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October 17, 2018

Five things we learned at the 2016 Le Mans 24 Hours

Five things we learned at the 2016 Le Mans 24 Hours
Photo Credit To Gary Parravani/ www.Xynamic.com

On the 50th anniversary of their historic 1966 1-2-3 podium sweep, Ford returned to Le Mans in style as the No. 68 Ford GT driven by Dirk Mueller, Joey Hand and Sebastian Bourdais triumphed over Giancarlo Fisichella, Toni Vilander and Matteo Malucelli’s Risi Competizione Ferrari 488 GTE. However, the 84th running of the 24 Hours will ultimately be remembered just as much for events off-track as the fascinating battles on it and could have far-reaching consequences in the weeks and months to come. Here’s what we learned.

1. New cars pass the ultimate test…

One of the big questions ahead of the event focused on whether the new Fords and Ferraris would be able to stand up to the test of racing for 24 hours at the greatest stage in sportscar racing. For the most part, they passed, although both AF Corse 488s failed to finish and the No. 67 Ford driven by Andy Priaulx, Harry Tincknell and Marino Franchitti lost two laps at the start with a gearbox problem and struggled with various ailments thereafter.

Of course, both cars already have a 24 hour race under their belts from competing at Daytona in January, but the American event is always a difficult barometer to base judgement on, not least because both cars were making their competition debuts and never seriously considered a likely prospect to beat the ultra-reliable Corvettes.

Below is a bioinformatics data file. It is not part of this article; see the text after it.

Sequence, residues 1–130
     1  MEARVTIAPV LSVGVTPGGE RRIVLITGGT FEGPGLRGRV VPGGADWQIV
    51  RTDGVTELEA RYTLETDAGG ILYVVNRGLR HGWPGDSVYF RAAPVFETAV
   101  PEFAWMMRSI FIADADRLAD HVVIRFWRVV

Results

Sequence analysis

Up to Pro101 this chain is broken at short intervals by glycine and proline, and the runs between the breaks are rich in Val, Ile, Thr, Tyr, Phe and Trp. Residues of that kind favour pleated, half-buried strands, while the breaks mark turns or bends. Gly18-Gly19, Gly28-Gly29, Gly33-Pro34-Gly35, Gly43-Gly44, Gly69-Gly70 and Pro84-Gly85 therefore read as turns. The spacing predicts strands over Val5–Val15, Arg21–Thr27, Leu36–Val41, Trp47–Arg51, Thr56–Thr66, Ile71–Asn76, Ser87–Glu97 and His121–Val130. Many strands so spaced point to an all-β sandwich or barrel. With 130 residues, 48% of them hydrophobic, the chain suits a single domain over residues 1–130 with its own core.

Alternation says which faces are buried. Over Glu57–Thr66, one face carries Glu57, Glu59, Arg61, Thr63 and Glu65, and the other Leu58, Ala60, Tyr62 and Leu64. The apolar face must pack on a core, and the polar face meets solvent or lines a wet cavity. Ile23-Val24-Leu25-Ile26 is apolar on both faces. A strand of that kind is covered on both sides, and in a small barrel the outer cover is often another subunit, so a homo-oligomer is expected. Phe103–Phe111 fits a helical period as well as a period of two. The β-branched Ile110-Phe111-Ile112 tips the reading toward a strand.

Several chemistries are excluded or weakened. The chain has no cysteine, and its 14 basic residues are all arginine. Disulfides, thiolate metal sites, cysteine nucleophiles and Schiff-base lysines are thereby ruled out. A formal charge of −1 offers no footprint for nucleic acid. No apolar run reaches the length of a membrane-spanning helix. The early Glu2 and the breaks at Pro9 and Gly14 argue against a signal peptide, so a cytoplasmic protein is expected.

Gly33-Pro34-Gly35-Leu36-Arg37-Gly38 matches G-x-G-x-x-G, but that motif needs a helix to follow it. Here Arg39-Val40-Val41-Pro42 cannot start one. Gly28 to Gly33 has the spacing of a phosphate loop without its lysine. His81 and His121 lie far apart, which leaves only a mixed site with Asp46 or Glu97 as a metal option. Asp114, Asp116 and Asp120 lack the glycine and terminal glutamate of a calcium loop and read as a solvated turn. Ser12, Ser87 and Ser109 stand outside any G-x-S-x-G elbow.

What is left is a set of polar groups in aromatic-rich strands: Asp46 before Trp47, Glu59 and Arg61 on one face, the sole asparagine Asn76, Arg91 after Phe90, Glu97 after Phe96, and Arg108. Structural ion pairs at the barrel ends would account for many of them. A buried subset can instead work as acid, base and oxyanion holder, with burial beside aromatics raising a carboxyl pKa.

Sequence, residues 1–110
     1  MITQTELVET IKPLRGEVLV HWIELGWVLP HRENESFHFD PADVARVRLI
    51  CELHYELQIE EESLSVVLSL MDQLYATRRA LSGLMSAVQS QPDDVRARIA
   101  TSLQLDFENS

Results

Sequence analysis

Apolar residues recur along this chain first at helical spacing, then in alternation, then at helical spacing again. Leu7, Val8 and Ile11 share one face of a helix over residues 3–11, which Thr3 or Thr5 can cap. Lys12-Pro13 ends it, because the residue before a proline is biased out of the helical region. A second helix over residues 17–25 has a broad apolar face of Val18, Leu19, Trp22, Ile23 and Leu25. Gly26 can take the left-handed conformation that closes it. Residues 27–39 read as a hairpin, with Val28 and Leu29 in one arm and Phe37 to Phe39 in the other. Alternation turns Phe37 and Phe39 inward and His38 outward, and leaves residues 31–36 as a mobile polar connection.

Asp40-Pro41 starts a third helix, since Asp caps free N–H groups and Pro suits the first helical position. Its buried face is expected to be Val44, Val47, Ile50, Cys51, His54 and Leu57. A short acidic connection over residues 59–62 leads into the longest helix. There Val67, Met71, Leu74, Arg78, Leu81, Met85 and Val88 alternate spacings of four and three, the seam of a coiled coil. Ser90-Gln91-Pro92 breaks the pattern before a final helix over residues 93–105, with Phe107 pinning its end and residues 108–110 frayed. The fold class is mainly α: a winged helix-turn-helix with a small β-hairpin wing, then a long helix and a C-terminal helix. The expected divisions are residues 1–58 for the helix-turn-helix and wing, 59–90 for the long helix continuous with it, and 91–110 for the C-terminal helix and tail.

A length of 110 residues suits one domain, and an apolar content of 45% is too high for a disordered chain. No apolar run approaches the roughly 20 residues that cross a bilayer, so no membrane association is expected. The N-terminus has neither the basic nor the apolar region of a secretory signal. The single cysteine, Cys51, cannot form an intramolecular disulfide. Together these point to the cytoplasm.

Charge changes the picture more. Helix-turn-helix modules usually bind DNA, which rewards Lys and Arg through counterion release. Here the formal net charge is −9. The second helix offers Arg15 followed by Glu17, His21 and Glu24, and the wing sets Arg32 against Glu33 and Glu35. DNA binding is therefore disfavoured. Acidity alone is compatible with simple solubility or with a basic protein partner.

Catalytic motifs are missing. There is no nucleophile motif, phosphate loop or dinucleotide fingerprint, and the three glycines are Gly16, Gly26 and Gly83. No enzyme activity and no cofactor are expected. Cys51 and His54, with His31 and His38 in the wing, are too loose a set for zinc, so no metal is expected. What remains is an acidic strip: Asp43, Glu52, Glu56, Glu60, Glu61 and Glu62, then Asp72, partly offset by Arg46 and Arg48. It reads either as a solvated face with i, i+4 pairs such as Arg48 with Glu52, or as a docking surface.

But even at Daytona, a classic power circuit, we saw glimpses of what the Ford could do as Hand briefly took the lead and Ryan Briscoe set the second fastest lap.

Once at La Sarthe, the circuit which the GT was essentially designed to race on, Ford were near-unstoppable, with the six fastest laps of the race all set by Ford drivers.

The No. 68 car twice had to fight back from delays, first after being held at the pitlane when they pitted under a Safety Car and then from a drive-through penalty for refuelling with the engine running, but terrific stints from Mueller and Hand helped catch and pass the Risi Ferrari.

Even in the latter stages, there were no signs of letting up the pace. Indeed, Vilander pushed so hard in his efforts to catch the leader that he lost the rears and spun exiting the Porsche Curves. Fortunately, the Finn managed to recover and bring the car home without losing a place to the No. 69 Ford shared by Ryan Briscoe, Richard Westbrook and IndyCar star Scott Dixon, but the story wasn’t to end there.

2. …But overshadowed by bad blood and BOP

Without wanting to detract from the scale of Ford’s achievement, there can be no doubt that this was the most politicised Le Mans in recent history, with a distinctly unequal Balance of Performance and counter-protests between Ford and Ferrari leaving a bitter taste in the mouth.

From the moment the changes to the BOP were confirmed ahead of the Le Mans Test Day, it was apparent that the Blue Oval would not be struggling for pace.

But many were surprised (or not surprised, depending on who you ask), to find that the Fords were nowhere near the top of the charts on a Test Day that was topped by defending winners Corvette. After further deliberation, the ACO granted the Le Mans newcomers another performance break for the race itself.